Can I Start My Own Compost at Home?

At Boochcraft, we are compassionate, and we care about the impact we have on the world and the people around us. We don’t cut corners, and we certainly don’t take the easy road. One way we continue to aspire to “Do Better” is through our composting program. After juicing nearly every drop from our fruit, the discarded scraps are then composted, where they’re given a new life, moving on to local farms where it is used in place of chemical fertilizers. Our composting directly reduces the impact on local landfills, reducing methane emissions and lowering our carbon footprint. Boochcraft’s Annual Compost Report:

2017: 80,183 lbs. 2018: 171,087 lbs. 2019: 560,558 lbs. 2020: 854,406 lbs. 2021: 1,110,985 lbs. And we’re NOT slowing down! See the whole 2021 Impact Report here.

Can You Make Compost at Home?

Absolutely! Food scraps and yard waste make up over 30% of what is thrown away. Most of these materials can easily be turned into compost at home and when added to soil, help your plants grow strong and healthy. Say hello to that beautiful garden oasis you’ve always dreamed of with a little help from composting! So, without further ado, here are some tips and tricks to start your own compost at home.

Composting Basics

Composting requires three basic ingredients:
  1. Browns: Materials such as dead leaves, branches, and twigs.
  2. Greens: Materials such as grass clippings, vegetable waste, fruit scraps, and coffee grounds.
  3. Water: Provides moisture to help break down organic matter.
It is important that your compost pile has equal amounts of browns and greens and that you alternate layers of different sized matter. Regular mixing or turning of the compost with water will help maintain your compost. Brown materials provide carbon, and green materials provide nitrogen. Both vital elements for happy, healthy soil!

How to Compost at Home

Backyard Composting

  1. Select a dry, shady spot near a water source for your compost pile or bin.
  2. Add brown and green materials as they are collected, making sure larger pieces are chopped or shredded.
  3. Moisten dry materials as they are added.
  4. Once your compost pile is established, mix grass clippings and green waste into the pile and bury fruit and vegetable waste under 10 inches of compost material.
  5. Optional: Cover top of compost with a tarp to keep it moist. When the material at the bottom is dark and rich in color, your compost is ready to use. This usually takes anywhere between two months to two years.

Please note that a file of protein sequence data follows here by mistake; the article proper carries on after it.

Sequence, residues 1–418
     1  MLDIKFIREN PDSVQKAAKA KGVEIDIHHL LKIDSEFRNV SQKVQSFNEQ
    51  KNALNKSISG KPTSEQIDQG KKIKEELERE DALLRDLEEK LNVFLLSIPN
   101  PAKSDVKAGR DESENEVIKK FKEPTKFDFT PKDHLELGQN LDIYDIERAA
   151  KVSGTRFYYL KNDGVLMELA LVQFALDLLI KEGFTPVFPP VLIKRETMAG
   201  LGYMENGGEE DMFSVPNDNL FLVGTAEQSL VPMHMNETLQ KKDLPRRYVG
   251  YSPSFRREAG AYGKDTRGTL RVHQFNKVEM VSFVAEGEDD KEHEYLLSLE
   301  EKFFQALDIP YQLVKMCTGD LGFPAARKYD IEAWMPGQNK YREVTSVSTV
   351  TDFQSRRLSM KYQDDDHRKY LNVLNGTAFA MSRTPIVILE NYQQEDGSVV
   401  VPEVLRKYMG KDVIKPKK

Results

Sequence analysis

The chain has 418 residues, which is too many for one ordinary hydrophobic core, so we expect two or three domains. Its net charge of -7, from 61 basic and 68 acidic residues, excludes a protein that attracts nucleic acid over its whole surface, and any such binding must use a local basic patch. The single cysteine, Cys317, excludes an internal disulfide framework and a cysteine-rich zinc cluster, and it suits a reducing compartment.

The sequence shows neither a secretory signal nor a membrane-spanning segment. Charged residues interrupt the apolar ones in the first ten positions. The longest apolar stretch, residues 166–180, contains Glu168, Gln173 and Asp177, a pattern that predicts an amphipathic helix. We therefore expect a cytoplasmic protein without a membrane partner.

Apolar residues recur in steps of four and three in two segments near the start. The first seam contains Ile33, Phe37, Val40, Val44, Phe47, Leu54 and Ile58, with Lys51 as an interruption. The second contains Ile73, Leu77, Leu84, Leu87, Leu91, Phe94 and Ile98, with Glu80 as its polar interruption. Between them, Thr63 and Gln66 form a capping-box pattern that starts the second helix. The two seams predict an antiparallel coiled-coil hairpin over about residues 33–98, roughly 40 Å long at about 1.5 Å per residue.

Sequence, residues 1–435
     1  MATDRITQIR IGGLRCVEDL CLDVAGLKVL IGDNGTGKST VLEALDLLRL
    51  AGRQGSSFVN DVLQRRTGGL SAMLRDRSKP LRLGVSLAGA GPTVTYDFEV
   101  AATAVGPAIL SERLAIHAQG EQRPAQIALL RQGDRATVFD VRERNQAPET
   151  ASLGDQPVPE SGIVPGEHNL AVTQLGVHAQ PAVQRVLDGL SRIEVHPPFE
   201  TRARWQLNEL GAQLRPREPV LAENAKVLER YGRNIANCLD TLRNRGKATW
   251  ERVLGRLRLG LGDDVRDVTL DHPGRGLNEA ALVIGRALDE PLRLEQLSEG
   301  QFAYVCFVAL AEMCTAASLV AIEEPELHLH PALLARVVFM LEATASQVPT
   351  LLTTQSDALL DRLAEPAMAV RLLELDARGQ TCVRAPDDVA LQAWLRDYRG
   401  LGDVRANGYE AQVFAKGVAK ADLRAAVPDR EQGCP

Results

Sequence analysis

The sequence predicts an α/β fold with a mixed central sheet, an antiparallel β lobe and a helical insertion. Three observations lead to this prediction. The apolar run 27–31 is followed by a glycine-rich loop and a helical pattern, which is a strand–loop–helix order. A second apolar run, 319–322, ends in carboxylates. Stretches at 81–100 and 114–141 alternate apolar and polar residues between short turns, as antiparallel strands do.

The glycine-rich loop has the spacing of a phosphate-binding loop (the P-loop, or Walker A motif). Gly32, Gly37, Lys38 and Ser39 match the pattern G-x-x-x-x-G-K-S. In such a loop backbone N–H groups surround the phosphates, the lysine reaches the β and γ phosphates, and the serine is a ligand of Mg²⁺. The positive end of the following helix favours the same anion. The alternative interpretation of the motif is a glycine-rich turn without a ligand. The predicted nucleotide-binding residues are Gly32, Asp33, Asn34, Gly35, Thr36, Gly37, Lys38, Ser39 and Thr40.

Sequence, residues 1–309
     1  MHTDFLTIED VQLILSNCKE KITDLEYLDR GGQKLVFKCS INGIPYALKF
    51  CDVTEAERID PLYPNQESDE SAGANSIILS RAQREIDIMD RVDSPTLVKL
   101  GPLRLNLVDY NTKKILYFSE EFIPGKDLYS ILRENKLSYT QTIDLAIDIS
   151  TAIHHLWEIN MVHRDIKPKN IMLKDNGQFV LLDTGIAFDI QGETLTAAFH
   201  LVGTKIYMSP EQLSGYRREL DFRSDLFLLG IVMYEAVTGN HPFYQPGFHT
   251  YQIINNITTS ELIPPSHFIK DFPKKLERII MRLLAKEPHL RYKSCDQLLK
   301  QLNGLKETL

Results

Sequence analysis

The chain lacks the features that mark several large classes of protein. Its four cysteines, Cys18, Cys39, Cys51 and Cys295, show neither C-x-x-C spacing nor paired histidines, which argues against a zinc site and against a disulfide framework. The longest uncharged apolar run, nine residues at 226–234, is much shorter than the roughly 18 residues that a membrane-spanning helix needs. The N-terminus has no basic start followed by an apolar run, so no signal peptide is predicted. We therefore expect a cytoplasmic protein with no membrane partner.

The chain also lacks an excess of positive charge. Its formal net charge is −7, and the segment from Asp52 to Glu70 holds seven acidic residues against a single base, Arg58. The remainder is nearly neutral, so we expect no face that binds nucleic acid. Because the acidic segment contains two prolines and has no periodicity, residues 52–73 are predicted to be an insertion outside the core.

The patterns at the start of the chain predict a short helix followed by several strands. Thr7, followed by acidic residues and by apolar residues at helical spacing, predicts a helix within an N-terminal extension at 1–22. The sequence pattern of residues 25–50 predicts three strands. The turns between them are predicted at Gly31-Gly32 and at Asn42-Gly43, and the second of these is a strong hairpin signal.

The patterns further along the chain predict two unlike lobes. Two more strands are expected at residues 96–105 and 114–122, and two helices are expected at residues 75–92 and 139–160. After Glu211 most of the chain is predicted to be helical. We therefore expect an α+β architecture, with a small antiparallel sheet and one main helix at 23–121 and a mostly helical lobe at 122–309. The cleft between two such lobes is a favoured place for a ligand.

Indoor Composting

No backyard? No problem! You can compost materials indoors using a special type of bin available at a local hardware store or gardening supplies store. Tend to your pile and keep track of what you throw in it. A properly managed compost bin will not attract pests or rodents and will not smell bad. Your compost should be ready in two to five weeks.

What CAN You Compost?

  • Fruits and vegetables
  • Crushed eggshells
  • Coffee grounds and filters 
  • Tea bags
  • Nut shells
  • Shredded newspaper
  • Shredded cardboard
  • Shredded paper
  • Yard trimmings
  • Grass clippings
  • Houseplants
  • Hay and straw
  • Leaves
  • Sawdust
  • Wood chips
  • Hair and fur
  • Fireplace ashes

What you CAN’T Compost and Why?

  • Black walnut tree leaves or twigs - Releases substances that might be harmful to plants.
  • Coal or charcoal ash - Might contain substances harmful to plants.
  • Dairy products (e.g., butter, milk, sour cream, yogurt) and eggs* - Create odor problems and attract pests such as rodents and flies.
  • Diseased or insect-ridden plants - Diseases or insects might survive and be transferred back to other plants.
  • Fats, grease, lard, or oils* - Create odor problems and attract pests such as rodents and flies.
  • Meat or fish bones and scraps* - Create odor problems and attract pests such as rodents and flies.
  • Pet wastes (e.g., dog or cat feces, soiled cat litter)* - Might contain parasites, bacteria, germs, pathogens, and viruses harmful to humans.
  • Yard trimmings treated with chemical pesticides - Might kill beneficial composting organisms.
* Check with your local composting or recycling coordinator to see if these organics are accepted by your community curbside or drop-off composting program. Happy composting, friends! Source: